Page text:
Use a roller frame, nap roller cover, and extension pole. Next, allow your primed stone veneer to dry for around two hours before adding paint.
Once that timeframe passes, you can apply your high-quality satin latex paint to the stone veneer surface. As we covered, it's possible to need more than one coat of paint, so keep that in mind.
We recommend waiting a few hours between paint coats to ensure your veneer surface absorbs the paint correctly. You can also take this time to assess what areas of your veneer need more color and which don't, so patience is essential.
Luckily, concrete should dry pretty fast, but this can vary.
Custom BLDG Products CP1 Latex Primer
This product works for various surfaces, has excellent adhesion, seals porous surfaces, covers between 300 and 500 square feet, will go on grey, and comes in a one-gallon container.
Valspar Medallion 100% Acrylic Interior Latex Satin Paint
This interior satin paint is 100% acrylic, works indoors, can go on various surfaces, lasts long, and comes in a five-gallon container.
Can You Stain Stone Veneer?
Yes. If you don't want to paint stone veneer, you can also choose to stain it. Generally, you want to stain exterior stone veneer surfaces, as they will fade faster than indoors.
Furthermore, using a stain on your veneer is a great way to bring it back to its glory without priming, painting, and waiting. According to experts, you want to use a bristle brush to apply your stain.
Unlike painting, you don't need to apply a primer or get intricate with your brush selection, so this idea is perfect for large-scale projects.
In addition, every stain will have a different dry time, which can heavily depend on the temperature. For example, it's usually best to stain exterior walls/surfaces on a bright, cool day, so the product can set.
If it's too hot or rainy, your stain may not adhere properly, and you'll need to do it again. So, check the weather forecast before getting started!
Which Is Better: Staining Or Painting Stone Veneer?
Between painting and staining stone veneer, this depends on your end goal. Generally, painting stone veneer is better for fixing imperfections or stylistic changes.
On the other hand, staining stone veneer can enhance its natural beauty, which your paint will cover.
So, for a historic home or one you want to have a more aged look, we recommend staining. Furthermore, using a stain on your veneer surface is much easier than painting.
Remember, you must prime and prepare a stone veneer surface before painting it, which can take multiple hours of waiting.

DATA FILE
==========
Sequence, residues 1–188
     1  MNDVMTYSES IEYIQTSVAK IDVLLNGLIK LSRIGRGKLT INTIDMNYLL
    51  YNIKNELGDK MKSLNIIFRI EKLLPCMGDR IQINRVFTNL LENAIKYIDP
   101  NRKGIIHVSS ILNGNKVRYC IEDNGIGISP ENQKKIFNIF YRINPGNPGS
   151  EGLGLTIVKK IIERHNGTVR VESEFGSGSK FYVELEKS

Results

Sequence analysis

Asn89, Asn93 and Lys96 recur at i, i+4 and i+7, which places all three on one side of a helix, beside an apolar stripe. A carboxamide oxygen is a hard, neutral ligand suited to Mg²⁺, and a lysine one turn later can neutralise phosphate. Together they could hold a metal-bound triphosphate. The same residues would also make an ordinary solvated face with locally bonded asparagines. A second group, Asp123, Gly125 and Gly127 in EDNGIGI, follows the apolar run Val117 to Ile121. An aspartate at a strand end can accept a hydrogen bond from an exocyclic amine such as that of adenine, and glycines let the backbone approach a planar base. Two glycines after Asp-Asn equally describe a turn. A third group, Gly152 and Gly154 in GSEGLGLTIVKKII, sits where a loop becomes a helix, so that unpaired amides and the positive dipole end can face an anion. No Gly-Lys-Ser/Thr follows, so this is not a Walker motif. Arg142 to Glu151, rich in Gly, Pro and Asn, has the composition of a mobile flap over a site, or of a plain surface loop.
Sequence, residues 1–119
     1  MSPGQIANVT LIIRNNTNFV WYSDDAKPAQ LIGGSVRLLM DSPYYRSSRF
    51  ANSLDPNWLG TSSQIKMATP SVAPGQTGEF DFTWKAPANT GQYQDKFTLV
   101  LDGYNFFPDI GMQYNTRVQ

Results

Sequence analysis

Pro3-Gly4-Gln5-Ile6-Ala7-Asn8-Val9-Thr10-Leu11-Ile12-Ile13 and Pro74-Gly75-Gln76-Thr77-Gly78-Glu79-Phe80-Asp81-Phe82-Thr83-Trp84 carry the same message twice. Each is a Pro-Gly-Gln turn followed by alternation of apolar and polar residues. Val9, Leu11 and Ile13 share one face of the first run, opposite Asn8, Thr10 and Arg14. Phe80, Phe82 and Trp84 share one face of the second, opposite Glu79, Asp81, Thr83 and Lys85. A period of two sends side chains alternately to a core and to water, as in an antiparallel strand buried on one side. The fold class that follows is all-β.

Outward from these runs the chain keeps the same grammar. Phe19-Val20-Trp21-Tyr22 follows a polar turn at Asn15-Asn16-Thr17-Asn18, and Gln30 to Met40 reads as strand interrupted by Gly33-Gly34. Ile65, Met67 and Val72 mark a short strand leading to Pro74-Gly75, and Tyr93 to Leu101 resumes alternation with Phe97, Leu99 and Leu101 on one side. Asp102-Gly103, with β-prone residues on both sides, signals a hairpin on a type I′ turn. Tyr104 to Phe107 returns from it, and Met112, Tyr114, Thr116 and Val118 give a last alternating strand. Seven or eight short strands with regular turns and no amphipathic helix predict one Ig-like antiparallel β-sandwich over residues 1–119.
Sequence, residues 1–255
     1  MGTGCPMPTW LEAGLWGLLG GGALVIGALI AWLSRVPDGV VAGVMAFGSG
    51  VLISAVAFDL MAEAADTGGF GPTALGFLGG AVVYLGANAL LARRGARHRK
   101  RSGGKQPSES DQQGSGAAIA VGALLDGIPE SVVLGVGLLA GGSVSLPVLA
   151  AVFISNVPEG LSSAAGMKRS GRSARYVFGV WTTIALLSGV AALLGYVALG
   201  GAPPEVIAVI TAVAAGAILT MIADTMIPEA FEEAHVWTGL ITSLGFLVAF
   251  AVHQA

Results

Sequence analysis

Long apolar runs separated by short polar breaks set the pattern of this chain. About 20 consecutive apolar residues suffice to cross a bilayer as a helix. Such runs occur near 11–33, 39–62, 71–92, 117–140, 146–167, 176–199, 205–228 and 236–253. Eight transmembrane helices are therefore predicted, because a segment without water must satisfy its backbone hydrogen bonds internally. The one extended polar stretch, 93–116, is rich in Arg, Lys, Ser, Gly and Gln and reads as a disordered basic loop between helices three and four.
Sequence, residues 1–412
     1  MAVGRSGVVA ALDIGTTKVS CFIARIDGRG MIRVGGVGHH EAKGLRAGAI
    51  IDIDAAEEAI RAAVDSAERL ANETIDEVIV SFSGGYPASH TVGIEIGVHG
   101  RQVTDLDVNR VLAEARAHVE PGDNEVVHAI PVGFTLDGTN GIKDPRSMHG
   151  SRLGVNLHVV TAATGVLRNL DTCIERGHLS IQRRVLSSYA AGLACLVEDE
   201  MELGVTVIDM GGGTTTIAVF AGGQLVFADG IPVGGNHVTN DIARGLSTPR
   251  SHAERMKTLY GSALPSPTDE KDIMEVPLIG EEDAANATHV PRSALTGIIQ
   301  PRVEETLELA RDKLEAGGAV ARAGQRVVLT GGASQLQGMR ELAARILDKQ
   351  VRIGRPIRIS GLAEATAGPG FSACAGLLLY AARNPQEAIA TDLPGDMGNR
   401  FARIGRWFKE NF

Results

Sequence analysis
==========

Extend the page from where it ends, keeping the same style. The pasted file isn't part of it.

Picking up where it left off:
On top of that, not every stone veneer surface will take paint. So this can also become an issue if you ignore the manufacturer's recommendation.
How Long Does Stone Veneer Last?
On average, you can expect stone veneer to last between 20 and 75 years. Since your veneer is made using durable cement and natural aggregates, you should see it last quite a while.
Of course, your product will come with an expected lifespan. The best way to figure this out is by reaching out to your stone veneer installer/maker and seeing what they think.
According to First American Roofing, stone veneer is as beautiful and sturdy as the natural rock it emulates. So, even though it's cheaper, your veneer structure should hold out for decades.
Regardless, remember to take proper care of stone veneer and avoid placing extreme weight on it. Doing this can result in cracking or structural damage, hence shortening its lifespan.
How Often Should I Paint My Stone Veneer?
Since stone veneer is made to be low maintenance, you shouldn't need to repaint. However, this can significantly vary on the quality of your product.
As we mentioned earlier, stone veneer is typically better on its own as it ages. Adding a layer of paint can cause your surface to look cheap or, in the worst case, look worse than when you started.
Therefore, we recommend occasional cleaning and possibly staining, while paint should be reserved for covering actual damage or stylistic changes.
To Finish Things Up
Whether you have a stone veneer or want to install it, you need to understand the material. We found that you can usually paint stone veneer as long as it's with high-quality satin latex paint.
Additionally, you want to ensure you use a latex primer for your veneer, as this will prepare it for the best paint adhesion possible. If you don't prep a stone veneer surface properly, expect problems to happen.
Lastly, the stone veneer also responds well to staining, especially if you want to enhance its current color!